Word got around quickly: Those good-old-boys driving the battered truck loaded with burlap bags of good-looking tobacco had an offer that couldn't be refused around the auction warehouses--a chance to make quick, easy money.

With that, the bait was laid for Tobacco Sting, a Department of Agriculture investigation into abuses of the federal tobacco price support and marketing program during the last year in North Carolina and Kentucky.

The net cast out by agents from USDA's Office of Inspector General has resulted in at least 22 indictments. Ten of the indictments, involving several of the country's largest independent tobacco dealers and a former Kentucky assistant agriculture commissioner, were handed up this week.

Tobacco Sting has been aimed at ferreting out farmers and warehousemen who circumvent the complex regulations that prohibit growers from selling more than their allotted amounts of flue-cured and burley tobacco. These unauthorized sales, apparently widespread in the industry, upset the production control system and eventually affect all farmers by forcing reductions in the overall marketing quotas.

Coincidentally, the probe has come at a time when the tobacco support program is under unprecedented attack on Capitol Hill. Critics are trying to change the system of government-granted acreage and poundage allotments, which they say pushes up prices and undercuts U.S. export capabilities.

"The success of the tobacco support program is based on the integrity of the participants," explained Otto Collins, who directed Tobacco Sting from the inspector general's office here. "The program has worked well because the vast majority is honest. But there are some crooks."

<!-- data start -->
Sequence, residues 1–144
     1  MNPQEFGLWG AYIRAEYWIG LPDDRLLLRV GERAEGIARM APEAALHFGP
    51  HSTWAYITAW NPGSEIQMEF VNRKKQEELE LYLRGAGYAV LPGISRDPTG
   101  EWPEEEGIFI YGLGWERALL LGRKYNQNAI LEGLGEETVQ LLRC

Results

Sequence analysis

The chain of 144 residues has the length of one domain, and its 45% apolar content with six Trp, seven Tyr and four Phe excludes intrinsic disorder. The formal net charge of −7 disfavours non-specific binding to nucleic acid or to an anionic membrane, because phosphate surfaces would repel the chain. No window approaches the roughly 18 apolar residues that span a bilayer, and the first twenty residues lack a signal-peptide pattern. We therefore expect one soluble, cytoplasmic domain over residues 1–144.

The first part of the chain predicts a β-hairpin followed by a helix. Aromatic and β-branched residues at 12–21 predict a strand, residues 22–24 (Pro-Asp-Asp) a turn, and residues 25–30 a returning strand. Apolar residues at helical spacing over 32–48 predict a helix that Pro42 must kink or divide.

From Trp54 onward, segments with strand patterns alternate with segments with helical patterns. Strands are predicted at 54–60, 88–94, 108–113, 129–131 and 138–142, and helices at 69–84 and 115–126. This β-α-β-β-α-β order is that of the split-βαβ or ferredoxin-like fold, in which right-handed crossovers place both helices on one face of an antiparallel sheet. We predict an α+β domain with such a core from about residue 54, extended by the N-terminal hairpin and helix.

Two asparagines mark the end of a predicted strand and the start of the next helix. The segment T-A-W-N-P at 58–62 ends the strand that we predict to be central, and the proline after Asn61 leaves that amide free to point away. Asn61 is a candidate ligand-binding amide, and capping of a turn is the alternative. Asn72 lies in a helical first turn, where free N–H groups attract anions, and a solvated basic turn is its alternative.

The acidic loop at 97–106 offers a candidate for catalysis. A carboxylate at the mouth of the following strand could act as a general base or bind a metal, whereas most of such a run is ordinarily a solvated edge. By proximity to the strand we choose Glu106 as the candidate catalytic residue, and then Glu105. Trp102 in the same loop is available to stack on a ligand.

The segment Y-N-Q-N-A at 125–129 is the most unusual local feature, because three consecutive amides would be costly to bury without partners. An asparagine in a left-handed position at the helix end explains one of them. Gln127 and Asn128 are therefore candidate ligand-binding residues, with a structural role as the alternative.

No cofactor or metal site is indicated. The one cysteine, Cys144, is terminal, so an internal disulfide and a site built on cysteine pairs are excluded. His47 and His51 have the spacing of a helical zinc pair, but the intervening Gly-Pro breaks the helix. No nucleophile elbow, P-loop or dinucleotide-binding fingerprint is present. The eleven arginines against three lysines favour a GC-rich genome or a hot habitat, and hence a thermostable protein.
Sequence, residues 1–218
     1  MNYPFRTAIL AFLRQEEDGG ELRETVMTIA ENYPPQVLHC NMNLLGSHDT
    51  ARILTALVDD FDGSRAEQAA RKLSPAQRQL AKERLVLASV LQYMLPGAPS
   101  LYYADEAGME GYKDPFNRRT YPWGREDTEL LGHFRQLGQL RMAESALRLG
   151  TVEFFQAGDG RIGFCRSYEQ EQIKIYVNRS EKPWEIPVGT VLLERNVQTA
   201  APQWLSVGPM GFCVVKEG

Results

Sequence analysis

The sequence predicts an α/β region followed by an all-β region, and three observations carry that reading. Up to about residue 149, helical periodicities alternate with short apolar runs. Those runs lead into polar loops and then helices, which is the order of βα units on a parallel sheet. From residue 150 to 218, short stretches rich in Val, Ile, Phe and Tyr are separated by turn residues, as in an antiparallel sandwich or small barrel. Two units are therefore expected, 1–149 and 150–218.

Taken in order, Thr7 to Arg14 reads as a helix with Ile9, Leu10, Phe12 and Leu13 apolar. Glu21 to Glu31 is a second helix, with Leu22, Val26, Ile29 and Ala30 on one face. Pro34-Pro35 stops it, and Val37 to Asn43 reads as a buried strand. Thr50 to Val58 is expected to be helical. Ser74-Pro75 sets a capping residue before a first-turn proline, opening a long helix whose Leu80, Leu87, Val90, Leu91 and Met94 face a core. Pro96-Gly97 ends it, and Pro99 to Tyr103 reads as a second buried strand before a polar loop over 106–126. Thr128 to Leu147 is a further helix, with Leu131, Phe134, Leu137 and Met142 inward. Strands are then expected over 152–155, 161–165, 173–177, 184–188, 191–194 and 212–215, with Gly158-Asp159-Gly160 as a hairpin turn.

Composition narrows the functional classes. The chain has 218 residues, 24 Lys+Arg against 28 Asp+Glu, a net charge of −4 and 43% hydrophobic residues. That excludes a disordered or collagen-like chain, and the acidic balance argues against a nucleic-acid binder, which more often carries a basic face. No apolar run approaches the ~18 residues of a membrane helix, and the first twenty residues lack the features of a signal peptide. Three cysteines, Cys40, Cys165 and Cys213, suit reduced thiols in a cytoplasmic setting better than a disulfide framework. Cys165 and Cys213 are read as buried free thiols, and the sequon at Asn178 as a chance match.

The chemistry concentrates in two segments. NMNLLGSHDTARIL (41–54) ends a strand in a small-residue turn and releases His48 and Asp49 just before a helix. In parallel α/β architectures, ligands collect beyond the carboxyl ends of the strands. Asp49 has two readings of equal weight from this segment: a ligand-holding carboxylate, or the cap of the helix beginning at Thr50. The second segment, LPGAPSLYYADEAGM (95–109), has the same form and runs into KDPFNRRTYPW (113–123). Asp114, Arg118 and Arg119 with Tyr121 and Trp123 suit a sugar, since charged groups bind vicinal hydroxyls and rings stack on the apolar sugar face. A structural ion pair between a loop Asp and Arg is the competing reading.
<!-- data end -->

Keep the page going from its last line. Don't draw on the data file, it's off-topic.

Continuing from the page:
In the view of Richard Benton, head of USDA investigations in Raleigh, N.C., the Tobacco Sting "made a marked difference, and people are more reluctant to take the bait. But it hasn't stopped the illegal practices."

"The tobacco program is predicated on the idea that farmers will abide by the rules and regulations and the price of tobacco holds at a high level because this production is controlled," Benton said. "Most farmers abide by the rules, but whenever there is excess tobacco on the market it nibbles away at the system and the secretary of agriculture has to adjust quotas downward."

Benton and Collins decided last year to have agents from the inspector general's office pose as farmers who had not filled their quotas. When the word circulated, other farmers with excess leaf--which could be sold only under penalty--might approach them and offer a deal.

The Ag-men, dressed in jeans and work-shirts, drove around in a battered pickup and, using counterfeit marketing quota cards, sold tobacco that USDA had obtained for them from government-held stocks. Then they let out the word that their bogus quotas had not been filled, meaning that if they had more tobacco, it could be marketed legally.

Collins and Benton said that a common circumvention of the marketing regulations occurs in this situation. A farmer who is under quota will "loan" his unfilled remainder to a farmer who has excess tobacco. Marketing rules are easily skirted and the two farmers split the profit.

"Our agents let it be known that they had not filled their quotas, and sure enough, after word got around, some people with excess tobacco went to them with offers. We didn't entrap--they came to us after we put out the word," Collins said. "They then sold the tobacco illegally, using our marketing cards."

The sting lost some of its bite when North Carolina papers got wind of the undercover investigation this year, but the probe continues. "This year when we approached some people they referred to the indictments and they'd say, 'Hell, don't you read the papers?'," Benton said. "But there's still a substantial amount of this going on and it will go on as long as there's a tobacco market."